News / Africa

Goma Residents Hopeful Rebel Withdrawal Spells Peace in Eastern Congo

Girls, displaced by recent fighting between Congolese army and the M23 rebels, cover themselves from the cold in Munigi village near Goma in the eastern Democratic Republic of Congo September 1, 2013.
Girls, displaced by recent fighting between Congolese army and the M23 rebels, cover themselves from the cold in Munigi village near Goma in the eastern Democratic Republic of Congo September 1, 2013.
Gabe Joselow
Residents of Goma, in the eastern Democratic Republic of Congo, are optimistic that the withdrawal of M23 rebels from positions outside the city could bring an end to fighting in the area. The situation is still volatile, as tensions with neighboring Rwanda remain high.

Days after the shelling stopped, the Virunga market in Goma is starting to shuffle back to life.

It’s Sunday - a typically slow day - but many of the shops here are open. Women are folding colorful fabrics, and customers are walking through rows of used blue jeans hanging from wooden posts.

Serges Chivai, a shopkeeper on the edge of the market, is just packing away the flashlights and plastic toys displayed in his stall. He says business is going well, at least compared to the last week. “Last week the atmosphere was really bad,” he said, “because bombs were being dropped, people were running away, people were afraid, that’s why the work really could not go well.”

The merchants and customers here tell similar stories, of bomb blasts and panic for nearly two weeks, as the Congolese army and a U.N. intervention force battled M23 rebels on the outskirts of the city.

Artillery shells fell around Goma, the capital of North Kivu province, including one near the market.

On Friday, M23 announced it is withdrawing from areas just north of the city.

Delphine, an 18-year-old merchant hanging colorful cloth in the center of the market, says she hopes the withdrawal signals that the end of the fighting could be near." "We want the government to finish the war,” she says, “then we can get clients to buy our fabrics and we can live peacefully," she said.

Despite the rebels’ pullback, fighting continued Saturday deeper into M23-held territory, as the army has shown few signs of letting up.

The latest round of fighting also has disrupted Rwanda, after shells exploded across the border during fighting last week, killing at least one person.  The incident prompted angry accusations between the two countries, with both saying the missiles were launched from the other’s territory.

Rwanda, which has accused the U.N. mission in DRC (MONUSCO) of turning a blind eye to past cross-border bombings, has called the latest shelling into Rwandan territory a “provocation.”

The U.N. special representative who heads MONUSCO, Martin Kobler, met with Rwandan officials last week to try to ease tensions and to explain the role of the new U.N. intervention brigade, which lived up to its aggressive mandate to attack M23 positions.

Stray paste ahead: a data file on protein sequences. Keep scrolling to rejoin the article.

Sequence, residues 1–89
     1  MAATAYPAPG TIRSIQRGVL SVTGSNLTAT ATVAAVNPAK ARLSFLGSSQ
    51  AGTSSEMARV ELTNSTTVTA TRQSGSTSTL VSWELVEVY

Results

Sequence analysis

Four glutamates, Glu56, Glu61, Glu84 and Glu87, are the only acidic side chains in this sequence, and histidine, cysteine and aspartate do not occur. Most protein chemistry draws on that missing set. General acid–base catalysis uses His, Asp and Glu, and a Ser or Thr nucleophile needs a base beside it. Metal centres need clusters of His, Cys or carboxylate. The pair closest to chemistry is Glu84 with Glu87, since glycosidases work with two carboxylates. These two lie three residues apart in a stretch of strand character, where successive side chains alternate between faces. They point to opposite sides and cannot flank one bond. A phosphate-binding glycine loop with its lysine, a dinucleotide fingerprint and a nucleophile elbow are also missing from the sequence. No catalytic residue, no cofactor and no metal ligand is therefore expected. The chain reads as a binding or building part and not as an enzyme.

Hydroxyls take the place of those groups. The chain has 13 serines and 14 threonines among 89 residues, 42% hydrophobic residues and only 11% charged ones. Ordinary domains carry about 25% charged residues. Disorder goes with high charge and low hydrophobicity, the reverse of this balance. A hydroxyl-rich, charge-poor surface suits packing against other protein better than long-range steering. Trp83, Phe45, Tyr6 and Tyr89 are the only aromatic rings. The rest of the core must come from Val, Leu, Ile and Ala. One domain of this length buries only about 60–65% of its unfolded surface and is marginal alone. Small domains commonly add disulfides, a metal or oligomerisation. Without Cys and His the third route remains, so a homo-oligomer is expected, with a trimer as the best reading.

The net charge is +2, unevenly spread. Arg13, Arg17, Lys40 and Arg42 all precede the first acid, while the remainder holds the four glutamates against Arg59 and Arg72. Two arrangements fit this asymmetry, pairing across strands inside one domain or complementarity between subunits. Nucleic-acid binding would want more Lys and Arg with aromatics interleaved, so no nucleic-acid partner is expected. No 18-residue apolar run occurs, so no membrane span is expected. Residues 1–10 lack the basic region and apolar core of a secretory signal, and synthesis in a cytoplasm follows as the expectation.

In Goma Saturday, Kobler told reporters, “I made it very clear this is for the protection of the civilian population of Goma, this is the core of our mandate, this is what we’re here for, we could not have remained passive in this situation where M23 rockets hit the population of Goma and caused deaths.”

The U.N. has presented evidence of Rwandan military links to the M23, and the United States has called on Rwanda to cease its support for the rebels.  Kigali has repeatedly denied the accusations.

You May Like

800-Pound Man Determined to Slim Down

Man says he was kicked out of hospital for ordering pizza; wants to be an actor More

Australia Prepares to Resettle 12,000 Syrian Refugees

Preference will be given to refugees from persecuted minorities, and the first group is expected to arrive before late December More

S. African Miners Seek Class Action Suit Against Gold Mines

The estimated 100,000 say say they contracted the lung diseases silicosis and tuberculosis in the mines More

This forum has been closed.
Comment Sorting
by: Oxen
September 01, 2013 9:30 PM
A large buffer zone should be put on the Rwanda and Uganda sides of border with active surveillance by drones to stop the regimes there from causing trouble supporting the rebels. Also the secutiry zone in DRC should include the entire East of DRC or Kivu and beyond where rebel menace must not be tolerated SADC/UN/DRC /AU need to keep up maximum pressure and stay serious & focussed because some war lords & Junta's want to keep profiting from DRC. DRC army should be re-trained paid well, and strict discipline enforced otherwise Kabarebe , Kagame's , Museveni and their buddies will keep confusing everyone,especially UN envoys, and causing trouble in region. The Kampala talks are mostly a waste of time because many of the architects of trouble reside there while others are in Kigali. Tanzania may be a better venue for talks.

Featured Videos

Your JavaScript is turned off or you have an old version of Adobe's Flash Player. Get the latest Flash player.
Amnesty Accuses Saudi Coalition of ‘War Crimes’ in Yemeni
Henry Ridgwell
October 12, 2015 4:03 PM